City Sizes May Affect Blackout Probabilities
Electric power blackouts can occur on all scales, from local outages to country-wide failures. The probability of a given event depends on the size of the region it affects, according to a mathematical relationship called a power law. The reason for the power law hasn’t been clear, but a new model suggests that it results from the same kind of distribution in the sizes of cities . The model’s creators say that understanding the factors that influence blackout probabilities could help engineers make electricity grids more robust.
Massive power failures pose risks to public health, data storage, and social stability. Typically, blackouts happen when some failure such as the severing of a power line diverts power to neighboring parts of the grid and overloads them. A cascade of failures may then spread through the network like an avalanche. The power-law statistics mean that very large events, while more rare than small ones, occur much more often than would be expected if blackouts were governed by the normal or “Gaussian” statistics of random, independent events. A distribution with this feature is said to be “heavy-tailed.”
In one popular class of models, the analogy with avalanches is literal: the cascade resembles the way a few tumbling rocks can collide with others to trigger a landslide, in a process described by a theory called self-organized criticality . But such models don’t take into account the physical processes that produce breakdowns in electricity grids.
Mathematician Bert Zwart of the Dutch National Research Institute for Mathematics and Computer Science (CWI) and his colleagues have now proposed another explanation. They point out that city sizes in any region tend also to have a power-law size distribution, and they say that this distribution might create the same statistics for electricity blackouts.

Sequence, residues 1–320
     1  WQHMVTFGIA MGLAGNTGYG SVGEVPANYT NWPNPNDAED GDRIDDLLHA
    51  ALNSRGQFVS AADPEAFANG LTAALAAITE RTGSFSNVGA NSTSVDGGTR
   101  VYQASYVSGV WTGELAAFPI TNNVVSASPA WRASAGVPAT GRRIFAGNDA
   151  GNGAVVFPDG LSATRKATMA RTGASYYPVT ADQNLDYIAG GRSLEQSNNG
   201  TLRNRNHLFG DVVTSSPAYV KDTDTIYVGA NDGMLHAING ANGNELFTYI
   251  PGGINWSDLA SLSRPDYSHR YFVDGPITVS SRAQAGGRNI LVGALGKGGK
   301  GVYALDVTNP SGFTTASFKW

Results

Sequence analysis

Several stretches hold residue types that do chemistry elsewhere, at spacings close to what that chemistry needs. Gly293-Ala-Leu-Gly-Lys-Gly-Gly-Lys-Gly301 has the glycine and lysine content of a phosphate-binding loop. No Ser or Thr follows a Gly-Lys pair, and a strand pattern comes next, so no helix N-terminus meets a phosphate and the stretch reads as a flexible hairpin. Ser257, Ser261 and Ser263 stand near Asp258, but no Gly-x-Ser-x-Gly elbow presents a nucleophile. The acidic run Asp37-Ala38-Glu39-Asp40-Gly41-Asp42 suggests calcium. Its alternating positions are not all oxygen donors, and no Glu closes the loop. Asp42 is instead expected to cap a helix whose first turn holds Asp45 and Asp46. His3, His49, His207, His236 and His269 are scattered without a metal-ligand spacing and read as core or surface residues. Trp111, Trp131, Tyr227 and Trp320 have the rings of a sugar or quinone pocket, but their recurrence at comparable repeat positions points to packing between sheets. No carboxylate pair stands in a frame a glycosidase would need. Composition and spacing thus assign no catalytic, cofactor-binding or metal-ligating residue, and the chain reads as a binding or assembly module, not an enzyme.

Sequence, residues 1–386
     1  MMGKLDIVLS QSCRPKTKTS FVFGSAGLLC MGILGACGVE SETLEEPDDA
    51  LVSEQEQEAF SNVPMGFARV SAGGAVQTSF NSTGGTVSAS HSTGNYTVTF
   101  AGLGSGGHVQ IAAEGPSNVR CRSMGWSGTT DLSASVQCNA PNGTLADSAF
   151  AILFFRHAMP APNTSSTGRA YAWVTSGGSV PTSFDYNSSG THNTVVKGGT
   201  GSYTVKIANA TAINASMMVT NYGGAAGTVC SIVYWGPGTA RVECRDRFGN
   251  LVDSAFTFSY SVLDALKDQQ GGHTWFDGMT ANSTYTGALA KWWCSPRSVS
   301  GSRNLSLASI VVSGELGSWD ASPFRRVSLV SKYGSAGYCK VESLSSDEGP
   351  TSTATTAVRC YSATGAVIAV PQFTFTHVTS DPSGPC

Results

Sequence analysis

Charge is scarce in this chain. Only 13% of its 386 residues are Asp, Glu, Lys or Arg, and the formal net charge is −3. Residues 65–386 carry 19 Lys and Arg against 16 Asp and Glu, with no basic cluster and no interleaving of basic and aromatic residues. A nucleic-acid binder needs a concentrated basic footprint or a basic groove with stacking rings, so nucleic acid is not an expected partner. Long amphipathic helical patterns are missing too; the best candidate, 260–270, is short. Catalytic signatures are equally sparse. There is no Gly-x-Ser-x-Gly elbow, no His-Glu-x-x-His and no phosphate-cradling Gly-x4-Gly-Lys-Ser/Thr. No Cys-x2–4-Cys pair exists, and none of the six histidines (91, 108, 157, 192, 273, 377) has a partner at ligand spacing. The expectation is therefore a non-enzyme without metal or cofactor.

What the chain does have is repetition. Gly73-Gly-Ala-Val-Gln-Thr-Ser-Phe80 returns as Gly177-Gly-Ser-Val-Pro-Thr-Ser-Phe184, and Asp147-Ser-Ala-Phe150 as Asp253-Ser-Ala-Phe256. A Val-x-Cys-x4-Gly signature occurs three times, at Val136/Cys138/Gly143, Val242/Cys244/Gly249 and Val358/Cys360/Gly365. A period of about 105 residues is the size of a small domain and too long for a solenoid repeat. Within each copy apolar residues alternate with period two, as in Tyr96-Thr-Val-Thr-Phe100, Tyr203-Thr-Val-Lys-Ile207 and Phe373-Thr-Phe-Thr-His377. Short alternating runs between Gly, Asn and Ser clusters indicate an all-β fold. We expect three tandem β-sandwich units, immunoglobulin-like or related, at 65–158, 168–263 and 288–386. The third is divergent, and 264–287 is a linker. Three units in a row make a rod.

That’s not as obvious as it might sound. If cities produced all their own power locally, their heavy-tailed size distribution wouldn’t matter; outages would stay localized. Failure only spreads if a significant fraction of a city’s power is actually generated elsewhere, says Zwart.
The researchers model the electricity grid as a real electrical circuit, with nodes representing cities with power consumption proportional to their populations and with links representing wires with fixed power-flow capacities. When a random failure of a specific line redistributes the flow, other lines may then exceed their limits and also fail. This cascade continues until no remaining lines exceed their limits. The blackouts, the researchers say, are then a result of a mismatch between the supply—the capacity of the links feeding into a given node—and the demand for power by the node.
The team’s mathematical analysis and computer simulations of the model applied to idealized urban networks with power-law city size distributions yield failure statistics that also follow a power law. However, with a non-power-law distribution of city sizes, the model does not produce a heavy-tailed distribution of blackouts.
The researchers also looked at the types of power outages the model predicts for a real electricity grid, the one serving Germany. Zwart says that, although the German network is too small to see full power-law behavior (less than 600 nodes), the vast majority of large-scale blackouts in the German grid simulations came from the failure at a single node (a large city being cut off, say). In other words, even a small triggering event could sometimes have a big effect—a characteristic feature of heavy-tailed distributions. The characteristic mode of failure that results in power laws was thus still visible, Zwart says.
Marc Timme, a specialist in network dynamics at the Technical University of Dresden, Germany, says that this analysis “may substantially revise the way people reason about the observed power law.” But he stresses that the model is a simplification. Marc Barthelemy, a physicist who studies urban networks at the French Alternative Energies and Atomic Energy Commission (CEA) in Saclay, echoes this concern. “It seems to me that the electrical network cannot reasonably be described by a network where the nodes are cities,” he says—in a real grid there is more complexity, with a hierarchy of subsystems, from power plants to transformers and relays that transmit the power.
Zwart agrees that the model doesn’t yet include the level of detail that might be needed to address complex engineering questions. But he hopes that the new approach might help in efforts to make power grids more robust against blackouts—for example, by helping researchers identify weak spots.
This research is published in Physical Review Letters.
Philip Ball is a freelance science writer in London. His latest book is The Modern Myths (University of Chicago Press, 2021).